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Issue 36, 2020
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Reducing toxic reactive carbonyl species in e-cigarette emissions: testing a harm-reduction strategy based on dicarbonyl trapping

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Abstract

Reducing the concentration of reactive carbonyl species (RCS) in e-cigarette emissions represents a major goal to control their potentially harmful effects. Here, we adopted a novel strategy of trapping carbonyls present in e-cigarette emissions by adding polyphenols in e-liquid formulations. Our work showed that the addition of gallic acid, hydroxytyrosol and epigallocatechin gallate reduced the levels of carbonyls formed in the aerosols of vaped e-cigarettes, including formaldehyde, methylglyoxal and glyoxal. Liquid chromatography mass spectrometry analysis highlighted the formation of covalent adducts between aromatic rings and dicarbonyls in both e-liquids and vaped samples, suggesting that dicarbonyls were formed in the e-liquids as degradation products of propylene glycol and glycerol before vaping. Short-term cytotoxic analysis on two lung cellular models showed that dicarbonyl-polyphenol adducts are not cytotoxic, even though carbonyl trapping did not improve cell viability. Our work sheds lights on the ability of polyphenols to trap RCS in high carbonyl e-cigarette emissions, suggesting their potential value in commercial e-liquid formulations.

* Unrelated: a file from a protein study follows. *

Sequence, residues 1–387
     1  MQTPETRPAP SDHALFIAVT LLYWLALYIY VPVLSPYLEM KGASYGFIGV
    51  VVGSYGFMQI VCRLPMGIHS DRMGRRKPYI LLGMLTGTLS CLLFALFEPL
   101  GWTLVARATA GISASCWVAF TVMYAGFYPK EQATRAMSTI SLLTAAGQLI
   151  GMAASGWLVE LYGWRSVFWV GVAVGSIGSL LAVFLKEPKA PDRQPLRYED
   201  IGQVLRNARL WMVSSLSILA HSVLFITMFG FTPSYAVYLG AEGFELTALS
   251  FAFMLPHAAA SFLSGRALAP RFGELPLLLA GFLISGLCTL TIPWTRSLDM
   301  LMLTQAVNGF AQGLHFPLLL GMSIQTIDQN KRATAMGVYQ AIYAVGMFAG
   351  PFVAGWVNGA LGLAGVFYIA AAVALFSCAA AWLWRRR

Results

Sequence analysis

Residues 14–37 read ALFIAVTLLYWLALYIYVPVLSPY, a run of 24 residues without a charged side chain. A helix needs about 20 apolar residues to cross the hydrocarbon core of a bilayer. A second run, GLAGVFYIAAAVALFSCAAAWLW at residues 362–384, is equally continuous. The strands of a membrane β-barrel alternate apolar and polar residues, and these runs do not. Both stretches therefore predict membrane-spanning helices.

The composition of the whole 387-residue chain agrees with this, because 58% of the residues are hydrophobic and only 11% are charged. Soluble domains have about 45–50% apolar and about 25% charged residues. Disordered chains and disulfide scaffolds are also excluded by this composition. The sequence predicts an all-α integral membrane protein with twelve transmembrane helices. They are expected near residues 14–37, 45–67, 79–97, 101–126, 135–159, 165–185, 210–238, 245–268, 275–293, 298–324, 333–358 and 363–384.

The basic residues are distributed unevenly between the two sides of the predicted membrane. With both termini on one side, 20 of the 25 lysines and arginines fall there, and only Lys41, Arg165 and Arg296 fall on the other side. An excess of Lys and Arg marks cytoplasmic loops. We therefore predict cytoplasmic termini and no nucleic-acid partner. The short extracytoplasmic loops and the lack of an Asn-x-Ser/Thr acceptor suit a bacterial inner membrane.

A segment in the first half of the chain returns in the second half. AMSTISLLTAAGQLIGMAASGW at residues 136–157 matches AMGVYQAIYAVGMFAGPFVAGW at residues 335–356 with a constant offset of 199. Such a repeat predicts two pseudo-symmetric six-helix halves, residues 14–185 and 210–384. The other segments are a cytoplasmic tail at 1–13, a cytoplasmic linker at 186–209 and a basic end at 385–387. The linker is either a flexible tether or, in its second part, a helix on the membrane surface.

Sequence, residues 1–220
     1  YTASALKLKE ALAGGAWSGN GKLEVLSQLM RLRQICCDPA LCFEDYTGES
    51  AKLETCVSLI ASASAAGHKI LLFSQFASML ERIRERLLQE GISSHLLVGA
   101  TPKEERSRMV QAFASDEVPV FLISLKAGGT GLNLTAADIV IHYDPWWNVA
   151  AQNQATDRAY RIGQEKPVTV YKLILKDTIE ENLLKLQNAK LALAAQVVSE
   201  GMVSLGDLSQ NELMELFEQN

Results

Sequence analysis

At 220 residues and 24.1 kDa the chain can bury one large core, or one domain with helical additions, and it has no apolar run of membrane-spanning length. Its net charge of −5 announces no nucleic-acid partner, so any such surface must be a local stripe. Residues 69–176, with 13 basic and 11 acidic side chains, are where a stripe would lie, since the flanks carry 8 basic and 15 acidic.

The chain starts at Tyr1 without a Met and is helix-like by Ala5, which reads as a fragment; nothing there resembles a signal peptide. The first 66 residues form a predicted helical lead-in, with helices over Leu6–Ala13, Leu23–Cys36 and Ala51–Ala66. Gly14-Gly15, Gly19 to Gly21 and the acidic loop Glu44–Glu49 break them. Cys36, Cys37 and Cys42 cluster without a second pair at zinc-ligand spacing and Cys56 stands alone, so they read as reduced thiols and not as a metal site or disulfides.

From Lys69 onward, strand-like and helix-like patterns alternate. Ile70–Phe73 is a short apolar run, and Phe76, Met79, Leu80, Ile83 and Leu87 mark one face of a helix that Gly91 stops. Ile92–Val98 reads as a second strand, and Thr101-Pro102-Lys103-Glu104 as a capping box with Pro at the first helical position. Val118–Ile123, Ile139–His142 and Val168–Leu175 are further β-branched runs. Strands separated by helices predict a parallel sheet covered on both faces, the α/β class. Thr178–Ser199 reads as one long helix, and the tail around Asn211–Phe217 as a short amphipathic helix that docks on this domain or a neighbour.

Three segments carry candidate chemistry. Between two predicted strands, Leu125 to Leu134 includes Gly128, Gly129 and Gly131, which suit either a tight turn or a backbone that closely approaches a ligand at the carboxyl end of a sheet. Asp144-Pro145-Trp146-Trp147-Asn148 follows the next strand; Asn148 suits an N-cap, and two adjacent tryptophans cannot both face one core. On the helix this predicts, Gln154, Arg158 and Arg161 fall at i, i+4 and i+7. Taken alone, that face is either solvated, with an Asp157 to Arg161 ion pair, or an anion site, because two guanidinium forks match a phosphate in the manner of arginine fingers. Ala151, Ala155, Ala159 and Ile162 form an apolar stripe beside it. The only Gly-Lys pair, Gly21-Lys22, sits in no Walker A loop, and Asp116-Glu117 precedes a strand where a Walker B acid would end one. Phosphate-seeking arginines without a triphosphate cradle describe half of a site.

Graphical abstract: Reducing toxic reactive carbonyl species in e-cigarette emissions: testing a harm-reduction strategy based on dicarbonyl trapping

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Article information


Submitted
06 Mar 2020
Accepted
29 May 2020
First published
05 Jun 2020

This article is Open Access

RSC Adv., 2020,10, 21535-21544
Article type
Paper

Reducing toxic reactive carbonyl species in e-cigarette emissions: testing a harm-reduction strategy based on dicarbonyl trapping

B. de Falco, A. Petridis, P. Paramasivan, A. D. Troise, A. Scaloni, Y. Deeni, W. E. Stephens and A. Fiore, RSC Adv., 2020, 10, 21535
DOI: 10.1039/D0RA02138E

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